Standard cruise control is included, but if you’d like adaptive cruise control it’s available as part of a driving assistance pack. This also includes active lane-keeping aids and speed limit warnings.

On a twisty road

The X2, like the X1 on which it’s based, is pretty good fun to fling down a twisting road. The steering is nicely weighted and accurate, with more feedback about what the front wheels are doing than you get in most small SUVs. The M35i’s 300hp makes it a tenacious performer, and the eight-speed gearbox can go between slushing changes together nicely or rifle-quick manual shifts in an instant.

However, the M35i doesn’t have the sense of playfulness that you’d hope for in a hot SUV of this size. A Mini Countryman feels more fun, and an Audi RS Q3 has bags of character emanating from its five-cylinder engine. The BMW is better in the bends than the Audi, though, as well as the Mercedes-AMG GLA 35, so it’s not all bad news - but you’d have more fun driving the BMW 135i or a similar hot hatchback.

The M35i will go from 0-62mph in 5.4 seconds, which is pretty quick - but in the days of electric cars, you can get something that will go much quicker for much less money. The MG 4 XPower, for example, manages it in just 3.8s.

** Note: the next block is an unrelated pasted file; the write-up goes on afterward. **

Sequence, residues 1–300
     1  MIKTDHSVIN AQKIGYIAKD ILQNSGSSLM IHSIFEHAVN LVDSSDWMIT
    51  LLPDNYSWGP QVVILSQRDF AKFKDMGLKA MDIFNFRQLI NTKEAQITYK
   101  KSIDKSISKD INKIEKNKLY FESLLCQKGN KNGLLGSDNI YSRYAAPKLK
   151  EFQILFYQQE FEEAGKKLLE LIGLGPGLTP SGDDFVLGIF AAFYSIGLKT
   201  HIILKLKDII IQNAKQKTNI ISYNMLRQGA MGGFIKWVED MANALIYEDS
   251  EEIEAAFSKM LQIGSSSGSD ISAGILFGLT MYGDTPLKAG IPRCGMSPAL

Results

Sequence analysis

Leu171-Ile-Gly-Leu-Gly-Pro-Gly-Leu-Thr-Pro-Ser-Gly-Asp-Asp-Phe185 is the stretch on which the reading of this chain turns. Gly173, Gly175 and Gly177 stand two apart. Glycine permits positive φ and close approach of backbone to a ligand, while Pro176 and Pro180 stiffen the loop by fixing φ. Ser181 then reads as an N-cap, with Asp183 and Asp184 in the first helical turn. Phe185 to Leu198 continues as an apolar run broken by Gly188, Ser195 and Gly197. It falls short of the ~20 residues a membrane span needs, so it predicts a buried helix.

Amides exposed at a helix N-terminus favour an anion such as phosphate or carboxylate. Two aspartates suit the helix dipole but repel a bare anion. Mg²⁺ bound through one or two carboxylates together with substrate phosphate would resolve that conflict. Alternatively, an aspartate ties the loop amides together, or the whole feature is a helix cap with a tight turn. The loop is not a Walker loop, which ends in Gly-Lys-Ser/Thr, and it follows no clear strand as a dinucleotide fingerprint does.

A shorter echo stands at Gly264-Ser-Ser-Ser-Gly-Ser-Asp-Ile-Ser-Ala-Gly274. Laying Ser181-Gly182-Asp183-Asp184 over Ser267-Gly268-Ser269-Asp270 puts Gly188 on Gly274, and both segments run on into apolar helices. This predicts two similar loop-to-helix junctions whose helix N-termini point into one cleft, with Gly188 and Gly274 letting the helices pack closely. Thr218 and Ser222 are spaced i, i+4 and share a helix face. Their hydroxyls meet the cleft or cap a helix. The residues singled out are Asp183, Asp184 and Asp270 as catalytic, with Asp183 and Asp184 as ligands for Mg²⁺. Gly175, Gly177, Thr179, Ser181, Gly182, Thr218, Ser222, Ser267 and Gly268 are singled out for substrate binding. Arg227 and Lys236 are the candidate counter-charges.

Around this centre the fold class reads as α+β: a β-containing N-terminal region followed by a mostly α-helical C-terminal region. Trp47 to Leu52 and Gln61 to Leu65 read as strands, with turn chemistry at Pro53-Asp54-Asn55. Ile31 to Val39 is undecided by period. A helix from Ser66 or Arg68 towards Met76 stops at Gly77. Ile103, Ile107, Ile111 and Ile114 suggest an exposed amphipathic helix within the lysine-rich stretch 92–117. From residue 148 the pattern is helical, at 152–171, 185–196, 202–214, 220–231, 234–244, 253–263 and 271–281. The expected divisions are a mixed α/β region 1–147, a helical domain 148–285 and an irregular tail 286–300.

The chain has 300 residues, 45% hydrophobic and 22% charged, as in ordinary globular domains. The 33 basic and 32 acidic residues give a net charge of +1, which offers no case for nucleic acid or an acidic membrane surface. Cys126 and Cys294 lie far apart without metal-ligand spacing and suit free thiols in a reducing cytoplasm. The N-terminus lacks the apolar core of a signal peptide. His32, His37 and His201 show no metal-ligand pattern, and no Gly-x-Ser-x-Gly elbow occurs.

Space and practicality

A big boot and reasonable space in the back seats, but sloping roof limits overall space

The X2’s front seats are sporty and sculpted, and keep you in place pretty effectively during hard cornering. They’re very adjustable, too - not only do you get the usual fore/aft, backrest and height adjustment, but there’s an extendable seat base to better support people with longer legs.

There’s plenty of movement in the steering wheel too, so drivers of all sizes should be able to get pretty comfortable. 

Storage up front is average, with decent-sized door bins, a glovebox, two cupholders and a space under the central armrest. Ahead of the cupholders, there’s a wireless charging pad with a retaining bar to keep your phone in place, which is useful, but what’s lacking is a sort of catch cubby for keys, wallets or other pocket contents. There’s an open storage tray under the armrest, but it’s difficult to access if you’re actually sat in the seat.

Space in the back seats

Despite the X2’s sporty shape there’s a surprising amount of space in the back seats. Legroom for adults is good, and there’s room for a six-foot adult to sit behind a driver of a similar size. 

Headroom is a little more compromised. It’s still good, but taller passengers will find their heads brushing the roof. The centre passenger is much worse off, too - while there’s not too large a hump in the floor and the centre seat is wide enough, there’s a curious lump in the roof that severely limits space for anyone sat in the middle. Those travelling with three in the rear would be much better served by the more conventionally-shaped X1.